Test-retest data for the GCB scale were solicited from the first 70 participants who completed the questionnaire at Time 1, of which 42 responded and provided complete Time 2 data. Participation in the follow up study at Time 2 was voluntary; no reward was offered. The interval between Time 1 and Time 2 assessments was approximately 5 weeks. The GCB was the only measure administered at Time 2.
Generic conspiracist beliefs scale. A 15-item scale was devised (full item wording and instructions to participants can be found in Table A1 in Appendix). Three items were generated to represent each factor identified in Study 1. These five factors were intended to guide construction of the measure, ensuring content validity; however, given the observed factor intercorrelations and frequent merging of themes observed in real-world conspiracy theories, in practical usage the final GCB is primarily intended to assess conspiracist ideation as a unidimensional construct. In the interest of producing the most concise measure possible, it was not deemed necessary to include more than three items per factor. As the long-form measure designed for Study 1 was intended to reveal the important generic assumptions upon which a subsequent measure should be based rather than to provide definitive scale items, the wording of some high-loading items was modified slightly to refer more clearly to the intended GCB, some novel items were generated by merging a number of similar high-loading items into one, and some high-loading items from Study 1 were included unchanged. Participants again rated items on a 5-point Likert-type scale, with a qualitative label associated with each point (1: definitely not true; 2: probably not true; 3: not sure/cannot decide; 4: probably true; 5: definitely true).
Belief in conspiracy theories inventory. The BCTI assesses belief in 14 conspiracy theories regarding specific real-world events or organizations (α = 0.92; example item “Government agencies in the UK are involved in the distribution of illegal drugs to ethnic minorities”) (BCTI: Swami et al., 2010). A mean BCTI score was computed for each participant, excluding those with more than one missing data point (total valid n = 213).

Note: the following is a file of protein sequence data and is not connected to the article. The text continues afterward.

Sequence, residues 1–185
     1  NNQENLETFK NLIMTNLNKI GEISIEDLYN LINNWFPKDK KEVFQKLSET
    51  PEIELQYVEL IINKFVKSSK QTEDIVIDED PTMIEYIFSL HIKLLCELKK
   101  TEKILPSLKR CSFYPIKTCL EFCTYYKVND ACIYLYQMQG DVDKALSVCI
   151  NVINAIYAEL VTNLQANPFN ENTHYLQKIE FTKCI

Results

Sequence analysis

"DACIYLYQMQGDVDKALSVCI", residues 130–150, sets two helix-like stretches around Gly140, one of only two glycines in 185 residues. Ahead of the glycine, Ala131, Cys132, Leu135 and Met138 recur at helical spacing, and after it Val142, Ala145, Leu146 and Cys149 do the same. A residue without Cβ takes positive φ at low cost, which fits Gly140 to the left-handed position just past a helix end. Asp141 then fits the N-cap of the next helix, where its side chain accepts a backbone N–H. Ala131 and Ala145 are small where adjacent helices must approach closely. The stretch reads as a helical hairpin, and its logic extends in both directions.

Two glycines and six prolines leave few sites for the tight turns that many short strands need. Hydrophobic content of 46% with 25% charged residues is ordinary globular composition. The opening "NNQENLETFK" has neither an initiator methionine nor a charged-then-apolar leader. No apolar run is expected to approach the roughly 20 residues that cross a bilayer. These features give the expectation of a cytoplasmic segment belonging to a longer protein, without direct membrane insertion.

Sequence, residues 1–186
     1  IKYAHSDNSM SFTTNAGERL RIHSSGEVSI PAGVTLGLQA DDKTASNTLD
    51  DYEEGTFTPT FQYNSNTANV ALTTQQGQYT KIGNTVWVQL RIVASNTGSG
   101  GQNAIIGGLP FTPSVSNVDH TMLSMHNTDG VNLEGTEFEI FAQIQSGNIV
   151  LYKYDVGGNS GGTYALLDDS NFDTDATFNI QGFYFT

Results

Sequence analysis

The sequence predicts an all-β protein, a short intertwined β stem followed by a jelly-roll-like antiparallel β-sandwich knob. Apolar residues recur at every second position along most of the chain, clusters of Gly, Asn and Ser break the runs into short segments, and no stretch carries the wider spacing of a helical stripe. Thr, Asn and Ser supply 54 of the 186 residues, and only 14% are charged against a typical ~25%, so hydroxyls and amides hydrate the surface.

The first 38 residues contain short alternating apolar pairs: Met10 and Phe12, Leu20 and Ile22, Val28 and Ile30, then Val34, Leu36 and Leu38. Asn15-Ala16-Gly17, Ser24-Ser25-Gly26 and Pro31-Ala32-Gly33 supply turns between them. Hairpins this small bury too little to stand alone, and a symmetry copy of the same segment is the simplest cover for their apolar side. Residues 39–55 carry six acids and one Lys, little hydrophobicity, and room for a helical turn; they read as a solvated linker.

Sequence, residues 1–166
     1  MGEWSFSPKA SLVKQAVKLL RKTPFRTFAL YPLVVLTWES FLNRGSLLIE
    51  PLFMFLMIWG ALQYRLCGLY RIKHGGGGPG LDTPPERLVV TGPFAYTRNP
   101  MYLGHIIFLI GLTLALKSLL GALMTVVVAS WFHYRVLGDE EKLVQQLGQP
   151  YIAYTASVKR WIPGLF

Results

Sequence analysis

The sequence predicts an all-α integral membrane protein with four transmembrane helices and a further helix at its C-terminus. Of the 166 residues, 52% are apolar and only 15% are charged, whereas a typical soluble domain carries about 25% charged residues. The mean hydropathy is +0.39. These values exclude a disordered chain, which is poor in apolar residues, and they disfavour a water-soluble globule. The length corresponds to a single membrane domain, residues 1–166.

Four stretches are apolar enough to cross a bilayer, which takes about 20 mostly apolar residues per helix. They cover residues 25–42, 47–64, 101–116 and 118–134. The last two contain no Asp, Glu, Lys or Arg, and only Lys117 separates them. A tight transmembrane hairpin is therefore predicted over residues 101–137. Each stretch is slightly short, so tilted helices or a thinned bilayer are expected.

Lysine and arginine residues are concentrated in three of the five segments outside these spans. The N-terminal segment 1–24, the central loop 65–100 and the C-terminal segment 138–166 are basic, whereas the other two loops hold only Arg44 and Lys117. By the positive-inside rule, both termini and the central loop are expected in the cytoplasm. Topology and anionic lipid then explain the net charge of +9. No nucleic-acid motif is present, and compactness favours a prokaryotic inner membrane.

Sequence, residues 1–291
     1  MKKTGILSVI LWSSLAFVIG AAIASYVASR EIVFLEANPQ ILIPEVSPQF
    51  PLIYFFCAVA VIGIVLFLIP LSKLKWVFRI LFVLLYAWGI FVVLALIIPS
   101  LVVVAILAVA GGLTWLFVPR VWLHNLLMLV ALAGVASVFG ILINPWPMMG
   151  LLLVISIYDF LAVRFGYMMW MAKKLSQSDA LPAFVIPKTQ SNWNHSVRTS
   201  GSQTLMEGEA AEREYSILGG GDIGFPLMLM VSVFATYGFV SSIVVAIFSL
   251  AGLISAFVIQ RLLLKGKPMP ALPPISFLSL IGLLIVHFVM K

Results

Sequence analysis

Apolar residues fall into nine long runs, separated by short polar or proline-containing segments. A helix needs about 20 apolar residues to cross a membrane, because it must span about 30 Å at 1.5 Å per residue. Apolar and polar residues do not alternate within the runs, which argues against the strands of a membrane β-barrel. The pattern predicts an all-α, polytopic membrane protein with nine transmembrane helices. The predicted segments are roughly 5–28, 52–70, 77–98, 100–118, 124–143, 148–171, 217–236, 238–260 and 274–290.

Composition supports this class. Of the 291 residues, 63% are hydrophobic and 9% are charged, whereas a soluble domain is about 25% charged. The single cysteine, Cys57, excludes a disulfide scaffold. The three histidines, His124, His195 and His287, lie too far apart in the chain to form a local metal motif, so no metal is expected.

Belief in 9/11 conspiracy theories. Belief in 9/11 conspiracy theories (Swami et al., 2010) was measured using a scale consisting of 17 items, each of which presents a specific conspiracy theory relating to the 9/11 terrorist attacks (α = 0.97; example item, “Individuals within the US government knew of the impending attacks and purposely failed to act on that knowledge”). The responses of participants with more than one missing data point were excluded (total valid n = 217).
Belief in 7/7 conspiracy theories. Belief in 7/7 conspiracy theories (Swami et al., 2011) was measured using a scale consisting of 12 items covering a range of specific conspiracy theories relating to the London bombings of July 7, 2005 (α = 0.95; example item, “The fact that the UK government is withholding information about the 7/7 bombings is evidence of a cover-up”). The responses of participants with more than one missing data point were excluded (total valid n = 220).
Belief in fictitious Red Bull conspiracy theories. Belief in fictitious Red Bull conspiracy theories (Swami et al., 2011) was measured using a scale consisting of 12 items covering a range of novel conspiracy theories regarding the energy drink Red Bull (α = 0.90; e.g., “Red Bull contains illegal substances that raise the desire for the product”). Each of these statements was made up for the purposes of previous research. The responses of participants with more than one missing data point were excluded (total valid n = 218).